Rapid Expert Consultation on Allocating COVID-19 Monoclonal Antibody Therapies and Other Novel Therapeutics (January 29, 2021) of the value of COVID-19 mAbs, in levels of staffing and in relationships with some patients, can affect how well patients are informed about COVID-19 mAbs and how energetically the eligible patients are encouraged to request the therapy. A centralized outreach program could help level the playing field by identifying and actively reaching out to educate and support eligible patients if they choose to receive the therapy. Facilities that serve minority and low-income populations, such as FQHCs and Indian Health Service facilities, may have the clinical ability to provide these kinds of treatments, often provide the social services to wrap around and support patients, and in some instances, may have earned the community’s trust.82 Despite the attention on hospitalized patients and ICU management, the majority of COVID-19 patients are diagnosed in the community and managed in the outpatient settings, with FQHCs and outpatient clinics bearing most of the burden of patient management without adequate tools and resources. Upstream interventions have the potential to substantially decrease the burden of hospitalization, if deployed strategically, by facilitating high accessibility in disproportionately affected communities of racial and ethnical minorities and lower socioeconomic status. Although they are well placed to provide these treatments, resources would be required to build infusion capacity in these types of facilities. The SVI or other methods of place-based risk stratification can guide efforts to more equitably allocate COVID-19 mAbs to facilities that can be accessed most easily by underserved populations. These types of indices use multiple upstream parameters to capture patterns of poverty and other socioeconomic status indicators that geographically mimic the locations of the communities hardest hit by COVID-19, but which often are not receiving a commensurate number of COVID-19 mAb doses under the current allocation schemes. While allocation frameworks designed to overcome access barriers are critically important for equity, they will not necessarily mitigate disparities, which arise from things like higher infection rates in disadvantaged communities, and instead may only prevent those disparities from widening. For instance, allocation strategies that narrow selection criteria with the intent of increasing patient benefit—in the absence of evidence that it will yield greater direct benefit—have the potential to exacerbate rather than mitigate inequities. Govind Persad, assistant professor, Sturm College of Law, University of Denver, explained that a random lottery, for example, does not intentionally or actively address disparate need, access, or historical disadvantage. Rather it focuses transparently and consistently distributing access among those who are known to be eligible, and not among those for whom other measures are needed to determine eligibility and address obstacles.83 In the absence of evidence about direct benefit, it may be more prudent to try to indirectly maximize benefit and indirectly mitigate inequities, which can be operationalized through a reserve system that prioritizes certain groups yielding a multiplier effect in underserved areas that rely on a single provider. 82 Echo-Hawk, A. 2020. Presentation at the Workshop on Allocation of COVID-19 Monoclonal Antibody Therapies and Other Novel Therapeutics. December 17, 2020. https://www.nationalacademies.org/event/12-16- 2020/workshop-on-allocation-of-covid-19-monoclonal-antibody-therapies-and-other-novel-therapeutics (accessed January 8, 2021). 83 Persad, G. 2020. Presentation at the Workshop on Allocation of COVID-19 Monoclonal Antibody Therapies and Other Novel Therapeutics. December 16, 2020. https://www.nationalacademies.org/event/12-16-2020/workshop-on- allocation-of-covid-19-monoclonal-antibody-therapies-and-other-novel-therapeutics (accessed January 8, 2021). 27 Copyright National Academy of Sciences. All rights reserved.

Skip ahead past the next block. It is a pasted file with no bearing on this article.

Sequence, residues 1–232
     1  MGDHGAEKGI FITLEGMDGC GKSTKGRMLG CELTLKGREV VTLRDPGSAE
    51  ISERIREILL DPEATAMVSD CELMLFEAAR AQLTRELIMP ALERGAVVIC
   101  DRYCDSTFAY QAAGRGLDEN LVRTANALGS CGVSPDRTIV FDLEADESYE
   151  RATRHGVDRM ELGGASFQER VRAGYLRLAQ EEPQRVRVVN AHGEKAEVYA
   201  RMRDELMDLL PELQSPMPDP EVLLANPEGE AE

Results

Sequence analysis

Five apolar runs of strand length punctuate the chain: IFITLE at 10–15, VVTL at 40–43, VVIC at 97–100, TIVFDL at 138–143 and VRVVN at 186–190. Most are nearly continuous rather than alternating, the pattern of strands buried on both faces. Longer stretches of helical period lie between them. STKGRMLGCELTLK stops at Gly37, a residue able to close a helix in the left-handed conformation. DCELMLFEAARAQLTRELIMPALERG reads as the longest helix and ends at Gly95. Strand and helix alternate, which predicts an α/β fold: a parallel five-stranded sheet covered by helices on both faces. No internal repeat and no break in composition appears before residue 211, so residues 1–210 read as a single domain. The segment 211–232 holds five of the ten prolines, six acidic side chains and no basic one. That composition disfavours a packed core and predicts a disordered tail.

Rapid Expert Consultation on Allocating COVID-19 Monoclonal Antibody Therapies and Other Novel Therapeutics (January 29, 2021) No one system perfectly achieves mitigation of existing health disparities, maximum benefit overall from the use of the therapy, or simply understood distribution schemes perceived as equitable and fair to all people. But to overcome health disparities, in light of the disproportionate burden the pandemic has imposed on the poor and on members of marginalized communities, some allocation choices must give weight to removing obstacles to uptake and increasing supplies of doses to those communities. MANUFACTURING CAPACITY CONSIDERATIONS TO SCALE UP SUPPLY Eli Lilly and Company has a contract with the U.S. Department of Defense and HHS for 300,000 initial doses, with the option to purchase up to an additional 650,000 through the end of June 2021. Regeneron’s contract is for an estimated 70,000–300,000 initial doses over the next several months.84 Other COVID-19 mAb therapies are expected to reach the market in early 2021.85 However, as described above, the supplies of COVID-19 mAbs will be insufficient if demand increases. Given the substantial lead time and specialized facilities required for manufacturing antibodies, it will be difficult to increase the supply in the near term. Limited manufacturing capacity is a chronic issue in the United States that has been highlighted by the inability to rapidly meet the demand for novel therapeutics and vaccines during the COVID-19 pandemic. This issue is partly technological, partly organizational, and partly a function of process and supply. Maximizing the impact of limited manufacturing capacity for COVID-19 mAb therapies while concurrently maintaining an adequate supply of other biologics will be critical.86 However, manufacturers must take on financial risk and establish production capacity prior to the completion of clinical trials to ensure a sufficient supply of the therapy to meet the uncertain potential demand. Furthermore, when different manufacturers work independently to acquire sufficient capacity in advance, it can complicate efforts to match limited supply with COVID-19 mAbs that demonstrate clinical efficacy. Manufacturing Challenges and Future Needs During the COVID-19 pandemic, the demand for novel therapeutics and vaccines to be developed and produced on unprecedentedly compressed timelines has given rise to myriad challenges from the manufacturing perspective. Andrew Adams, vice president of new therapeutic modalities at Eli Lilly and Company, described Lilly’s approach to the challenges of scaling up the manufacture of bamlanivimab while also maintaining the production schedule for its other life-saving drugs (e.g., insulin, oncology therapeutics) by substantially modifying its 84 HHS. 2020. HHS, DOD collaborate on plans to purchase of Lilly investigational therapeutic to treat COVID-19. https://www.hhs.gov/about/news/2020/10/28/hhs-dod-collaborate-plans-purchase-lilly-investigational-therapeutic- treat-covid-19.html (accessed January 8, 2021). 85 Romine et al. 2020. COVID-19 monoclonal antibodies: Key issues after emergency use authorization. Duke- Margolis Center for Health Policy. https://healthpolicy.duke.edu/publications/covid-19-monoclonal-antibodies-key- issues-after-emergency-use-authorization (accessed January 1, 2021). 86 Wosinska et al. 2020. COVID-19 manufacturing for monoclonal antibodies. Duke-Margolis Center for Health Policy. https://healthpolicy.duke.edu/publications/covid-19-manufacturing-monoclonal-antibodies-updated-august- 2020 (accessed January 1, 2021). 28 Copyright National Academy of Sciences. All rights reserved.